But in the wake of Kavanaugh’s nomination, critics have complained about the dark side of Yale’s and Yalies’ ambitions. Some complaints have aimed directly at me, after I published a July 9 op-ed in The New York Times touting Kavanaugh and simultaneously contributed to an official Yale Law School press release that seemed to celebrate his nomination. Wasn’t all this simply elitist cronyism, sycophantic ass-kissing and, or self-serving back-scratching? Does Yale, and do I, care only about access to power? Will Yale, will I, amorally celebrate any powerful alum, whether virtuous or vicious? In return for Yale’s, and my, support, are alums such as Kavanaugh expected to hire Yale’s, and my, favorite students as apprentices and law clerks, in a self-perpetuating intergenerational system of unjust privilege and hierarchy?

I do not presume to speak for Yale, but I can speak for myself. My endorsement of Kavanaugh is not rooted in cronyism. It is not some Skull and Bones thing. I barely knew Kavanaugh as a student 30 years ago — I think he shopped my class for one day, then bailed. In the three decades since then, I have spent less than three hours with him in face-to-face conversation. We have never had a beer together. A couple of the other names on President Donald Trump’s public list of potential nominees are closer to me, personally, but I consider Kavanaugh’s output as a judge for the last dozen years—his opinions and articles—to be more legally impressive. That is what I said both in my Times op-ed and in my official Senate testimony on Sept. 7. (I also said his votes and opinions are apt to be better for liberals like me than the votes and opinions of others on Trump’s short list.)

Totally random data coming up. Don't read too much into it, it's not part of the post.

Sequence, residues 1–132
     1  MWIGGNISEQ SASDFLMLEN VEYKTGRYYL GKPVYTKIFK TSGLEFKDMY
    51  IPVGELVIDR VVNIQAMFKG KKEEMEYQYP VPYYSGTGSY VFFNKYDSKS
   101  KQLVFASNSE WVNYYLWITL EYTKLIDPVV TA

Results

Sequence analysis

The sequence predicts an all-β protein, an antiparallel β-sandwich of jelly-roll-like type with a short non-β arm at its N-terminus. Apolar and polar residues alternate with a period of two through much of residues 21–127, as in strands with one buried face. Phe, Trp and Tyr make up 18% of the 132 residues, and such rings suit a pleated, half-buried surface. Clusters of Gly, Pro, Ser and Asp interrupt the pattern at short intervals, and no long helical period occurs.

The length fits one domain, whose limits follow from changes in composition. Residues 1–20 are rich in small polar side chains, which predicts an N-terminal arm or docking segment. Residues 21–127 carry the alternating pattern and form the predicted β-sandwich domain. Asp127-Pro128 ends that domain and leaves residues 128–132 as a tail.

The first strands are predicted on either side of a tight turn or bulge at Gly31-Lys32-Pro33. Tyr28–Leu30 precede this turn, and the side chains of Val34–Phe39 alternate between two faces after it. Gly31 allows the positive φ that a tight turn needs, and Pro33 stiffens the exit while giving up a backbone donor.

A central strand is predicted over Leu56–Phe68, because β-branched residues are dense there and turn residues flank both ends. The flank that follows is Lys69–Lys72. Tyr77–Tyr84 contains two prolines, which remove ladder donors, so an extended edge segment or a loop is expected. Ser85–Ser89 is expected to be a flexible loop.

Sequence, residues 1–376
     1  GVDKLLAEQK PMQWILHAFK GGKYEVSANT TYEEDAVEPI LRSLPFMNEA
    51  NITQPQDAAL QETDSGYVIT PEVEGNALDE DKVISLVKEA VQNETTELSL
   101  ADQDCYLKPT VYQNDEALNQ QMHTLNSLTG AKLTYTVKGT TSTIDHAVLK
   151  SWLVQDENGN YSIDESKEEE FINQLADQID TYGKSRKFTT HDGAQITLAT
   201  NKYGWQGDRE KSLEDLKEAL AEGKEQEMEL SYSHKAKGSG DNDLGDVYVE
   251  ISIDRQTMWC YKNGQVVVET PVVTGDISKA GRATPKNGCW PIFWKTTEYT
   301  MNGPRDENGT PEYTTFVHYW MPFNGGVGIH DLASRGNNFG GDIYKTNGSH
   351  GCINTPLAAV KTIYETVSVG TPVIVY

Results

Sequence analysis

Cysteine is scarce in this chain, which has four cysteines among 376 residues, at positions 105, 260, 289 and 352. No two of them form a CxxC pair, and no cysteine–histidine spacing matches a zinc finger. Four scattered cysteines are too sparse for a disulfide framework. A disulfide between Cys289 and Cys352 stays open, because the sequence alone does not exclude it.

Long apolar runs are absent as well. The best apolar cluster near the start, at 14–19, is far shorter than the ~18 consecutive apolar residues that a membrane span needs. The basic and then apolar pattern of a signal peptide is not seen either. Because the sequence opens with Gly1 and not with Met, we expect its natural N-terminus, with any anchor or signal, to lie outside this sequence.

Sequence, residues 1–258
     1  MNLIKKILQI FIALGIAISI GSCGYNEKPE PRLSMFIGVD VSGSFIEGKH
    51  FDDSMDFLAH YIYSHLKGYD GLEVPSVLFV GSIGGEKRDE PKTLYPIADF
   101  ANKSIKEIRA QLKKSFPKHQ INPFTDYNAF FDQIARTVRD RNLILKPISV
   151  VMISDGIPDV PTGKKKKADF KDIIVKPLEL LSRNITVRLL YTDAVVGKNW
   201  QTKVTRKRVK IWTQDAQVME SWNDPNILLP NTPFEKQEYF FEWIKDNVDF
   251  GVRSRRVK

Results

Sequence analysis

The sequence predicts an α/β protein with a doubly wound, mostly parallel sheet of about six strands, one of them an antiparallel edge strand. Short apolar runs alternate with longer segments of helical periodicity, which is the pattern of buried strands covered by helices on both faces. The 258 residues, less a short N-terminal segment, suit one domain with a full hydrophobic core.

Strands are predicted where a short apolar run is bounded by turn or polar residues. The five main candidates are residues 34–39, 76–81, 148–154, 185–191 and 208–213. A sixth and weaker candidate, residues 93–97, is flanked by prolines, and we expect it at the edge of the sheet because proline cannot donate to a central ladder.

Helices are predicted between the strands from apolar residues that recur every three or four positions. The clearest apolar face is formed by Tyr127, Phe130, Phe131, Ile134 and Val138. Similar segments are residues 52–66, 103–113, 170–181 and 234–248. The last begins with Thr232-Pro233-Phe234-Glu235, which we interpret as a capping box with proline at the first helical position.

Not every notable Yale alum deserves to be celebrated by alma mater. I myself have no problem criticizing specific graduates, however prominent or powerful. For example: If there is anyone out in Kansas who reads this, please vote against would-be governor Kris Kobach LAW ’95 next month!

Moreover, precisely because Yalies are, as Salovey noted, arrayed across the political spectrum, it is logically impossible to back them all at all times: In publicly testifying in support of Kavanaugh on Sept. 7, I thus found myself contesting no fewer than five of my Yale pals, two of whom are also my former students: Sens. Richard Blumenthal LAW ’73, Sheldon Whitehouse ’78, Amy Klobuchar ’82, Chris Coons LAW ’92 and Cory Booker LAW ’97.